“The Indians believe that there is no country like theirs, no nation like theirs, no king like theirs, no religion like theirs, no science like theirs”, writes Abu Rahan Al-Biruni in his famous book on India in early 11th century.

Can we Pakistani Muslims believe that our forefathers were so proud for being what they were? Many among us would shout they weren’t our forefathers. Of course they weren’t. The proud heads Al-Biruni met were mostly from upper castes and classes who not only resisted the Mahmud Ghaznavi’s ferocious armies but also refused to convert. It were mostly segments from lower castes and classes, suppressed and discriminated against, that accepted new religion in the wake of Turkic ascendancy in the Punjab.

Conversion on the similar pattern had happened a few centuries ago in Sindh and a part of the Punjab after Muhammad Bin Qasim’s successful invasion of India in early eighth century. Most of the converts had earlier existed on the margins of the society and hardly shared what upper castes and classes were proud of in terms of religious norms, intellectual traditions and cultural identity.

A scholar has rightly said that poverty is a problem but bigger problem is what it produces, the culture of poverty. Similarly the bigger problem is the culture of servility which forced low caste living produces. After conversion the lower castes generation after generation have continued to carry the mindset that at best expresses low self-esteem and at worst self- loathing.

Change of faith doesn’t necessarily change the psyche. Servitude born of specific conditions would leave an indelible imprint on the subconscious and collective memory of a group. Remember great Italian intellectual and theorist Antonio Gramsci who defied fascism and spent most of his years in prison? Arguing with those who wanted immediate revolutionary change in the society said something like this: “suppose you are able to capture power at this moment, a labour leader would refuse to occupy his manager’s chair. He feels he isn’t worthy of it”. Change of system without cultural transformation would invariably be short-lived.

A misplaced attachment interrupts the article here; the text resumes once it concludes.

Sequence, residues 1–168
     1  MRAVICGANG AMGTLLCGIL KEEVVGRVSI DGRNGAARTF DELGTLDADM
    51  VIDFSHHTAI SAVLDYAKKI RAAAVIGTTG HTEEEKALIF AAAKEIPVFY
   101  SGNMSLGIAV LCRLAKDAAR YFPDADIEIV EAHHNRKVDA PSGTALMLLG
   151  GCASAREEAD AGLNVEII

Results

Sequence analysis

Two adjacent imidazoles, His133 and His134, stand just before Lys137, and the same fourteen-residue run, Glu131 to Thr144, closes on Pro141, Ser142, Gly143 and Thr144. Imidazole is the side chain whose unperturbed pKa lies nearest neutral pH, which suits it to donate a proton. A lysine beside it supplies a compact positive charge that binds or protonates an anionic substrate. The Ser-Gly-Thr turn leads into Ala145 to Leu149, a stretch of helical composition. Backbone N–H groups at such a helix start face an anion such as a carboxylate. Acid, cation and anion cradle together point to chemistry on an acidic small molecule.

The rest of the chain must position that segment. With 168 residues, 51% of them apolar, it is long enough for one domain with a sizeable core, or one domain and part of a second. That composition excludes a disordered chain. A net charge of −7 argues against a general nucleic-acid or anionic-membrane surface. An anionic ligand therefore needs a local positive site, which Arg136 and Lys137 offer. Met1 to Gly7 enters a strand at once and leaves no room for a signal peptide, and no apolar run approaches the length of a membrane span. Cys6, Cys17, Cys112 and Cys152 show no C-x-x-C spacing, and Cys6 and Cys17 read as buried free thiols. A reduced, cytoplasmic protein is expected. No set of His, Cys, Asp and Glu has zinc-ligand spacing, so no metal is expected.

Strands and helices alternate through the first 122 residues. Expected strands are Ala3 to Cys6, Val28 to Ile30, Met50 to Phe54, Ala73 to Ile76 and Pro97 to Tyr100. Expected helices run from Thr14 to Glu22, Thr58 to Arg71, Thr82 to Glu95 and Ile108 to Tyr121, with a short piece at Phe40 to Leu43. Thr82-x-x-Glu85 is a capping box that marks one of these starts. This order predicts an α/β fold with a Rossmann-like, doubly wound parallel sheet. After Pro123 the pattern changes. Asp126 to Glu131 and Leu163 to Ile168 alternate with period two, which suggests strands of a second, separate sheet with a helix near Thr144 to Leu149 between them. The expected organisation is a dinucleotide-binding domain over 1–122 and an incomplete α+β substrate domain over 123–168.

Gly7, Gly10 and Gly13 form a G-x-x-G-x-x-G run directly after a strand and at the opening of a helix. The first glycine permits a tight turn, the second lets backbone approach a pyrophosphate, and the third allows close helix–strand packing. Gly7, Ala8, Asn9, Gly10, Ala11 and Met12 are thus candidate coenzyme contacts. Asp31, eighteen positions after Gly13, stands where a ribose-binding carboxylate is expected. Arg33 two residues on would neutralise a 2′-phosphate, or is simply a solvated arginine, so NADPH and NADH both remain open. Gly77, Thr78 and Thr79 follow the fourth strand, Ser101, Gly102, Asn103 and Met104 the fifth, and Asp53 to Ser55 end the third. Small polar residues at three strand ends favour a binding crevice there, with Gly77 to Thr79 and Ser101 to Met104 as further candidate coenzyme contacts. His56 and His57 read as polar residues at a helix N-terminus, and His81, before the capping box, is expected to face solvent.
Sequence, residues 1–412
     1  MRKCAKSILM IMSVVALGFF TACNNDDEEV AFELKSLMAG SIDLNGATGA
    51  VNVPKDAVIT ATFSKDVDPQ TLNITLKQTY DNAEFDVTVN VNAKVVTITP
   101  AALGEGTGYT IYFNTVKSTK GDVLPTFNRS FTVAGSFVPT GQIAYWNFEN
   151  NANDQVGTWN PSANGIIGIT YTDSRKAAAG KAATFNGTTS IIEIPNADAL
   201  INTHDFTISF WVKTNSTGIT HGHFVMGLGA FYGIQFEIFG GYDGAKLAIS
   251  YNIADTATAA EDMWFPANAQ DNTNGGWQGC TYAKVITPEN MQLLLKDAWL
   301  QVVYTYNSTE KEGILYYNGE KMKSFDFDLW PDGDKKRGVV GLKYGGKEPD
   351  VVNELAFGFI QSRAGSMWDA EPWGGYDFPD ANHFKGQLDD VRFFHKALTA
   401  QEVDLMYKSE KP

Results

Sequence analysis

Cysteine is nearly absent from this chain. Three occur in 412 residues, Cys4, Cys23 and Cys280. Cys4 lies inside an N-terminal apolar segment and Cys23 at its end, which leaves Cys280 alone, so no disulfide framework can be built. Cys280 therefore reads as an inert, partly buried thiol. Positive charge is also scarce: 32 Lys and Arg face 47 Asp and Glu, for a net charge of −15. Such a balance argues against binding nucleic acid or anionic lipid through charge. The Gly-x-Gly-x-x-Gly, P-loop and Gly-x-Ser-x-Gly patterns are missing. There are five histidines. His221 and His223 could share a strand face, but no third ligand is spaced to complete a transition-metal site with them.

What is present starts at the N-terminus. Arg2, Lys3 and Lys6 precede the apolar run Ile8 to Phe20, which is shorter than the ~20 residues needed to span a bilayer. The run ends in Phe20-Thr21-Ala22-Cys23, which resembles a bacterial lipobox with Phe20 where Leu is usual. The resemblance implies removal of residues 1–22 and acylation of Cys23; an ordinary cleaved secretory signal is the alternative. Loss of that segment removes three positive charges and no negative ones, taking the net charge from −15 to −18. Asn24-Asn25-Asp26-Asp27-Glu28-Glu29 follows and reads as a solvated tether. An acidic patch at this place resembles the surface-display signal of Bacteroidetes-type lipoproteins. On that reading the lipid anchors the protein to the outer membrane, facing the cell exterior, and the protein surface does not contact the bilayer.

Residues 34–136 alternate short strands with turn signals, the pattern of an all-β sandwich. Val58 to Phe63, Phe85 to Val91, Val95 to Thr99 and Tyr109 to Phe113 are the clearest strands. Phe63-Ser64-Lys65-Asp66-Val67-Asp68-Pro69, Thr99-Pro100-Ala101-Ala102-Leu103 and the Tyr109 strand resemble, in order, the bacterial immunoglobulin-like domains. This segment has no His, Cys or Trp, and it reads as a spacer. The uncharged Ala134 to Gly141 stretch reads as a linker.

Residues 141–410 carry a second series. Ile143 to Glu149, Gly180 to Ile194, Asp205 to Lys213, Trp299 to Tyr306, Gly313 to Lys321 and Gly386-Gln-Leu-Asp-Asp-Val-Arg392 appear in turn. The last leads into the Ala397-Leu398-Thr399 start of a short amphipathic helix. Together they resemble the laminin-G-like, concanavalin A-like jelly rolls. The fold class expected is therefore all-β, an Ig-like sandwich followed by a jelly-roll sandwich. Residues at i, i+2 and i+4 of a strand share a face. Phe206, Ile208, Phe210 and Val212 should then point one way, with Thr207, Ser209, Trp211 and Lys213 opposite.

Muslims in this region largely being descendants of low caste culture suffered immensely from an inferiority complex even after the conversion. The situation worsened further because of the nature of their specific relationship with their new rulers. They shared faith with the rulers and that was it. The rulers were foreigners. They had nothing in common with them in terms of language, ethnicity, race and culture. The rulers distinguished themselves from the converts at least on three counts; one, they were a superior race, two, they were better Muslims, three, they were among the chosen few as the fact of their being rulers irrefutably testified to their higher status. Besides dynamics of power creates conditions which make the culture of rulers the ruling culture. Hoi polloi is expected to look up to elitist culture as their model because leisure class being well-versed in social graces has resources at its disposal to embellish its culture and put it on a high pedestal with its social power. Being alien in nature added to the mystique of foreign elitist Muslim culture. But the historical irony is that the aliens who landed here treated the indigenous people as aliens.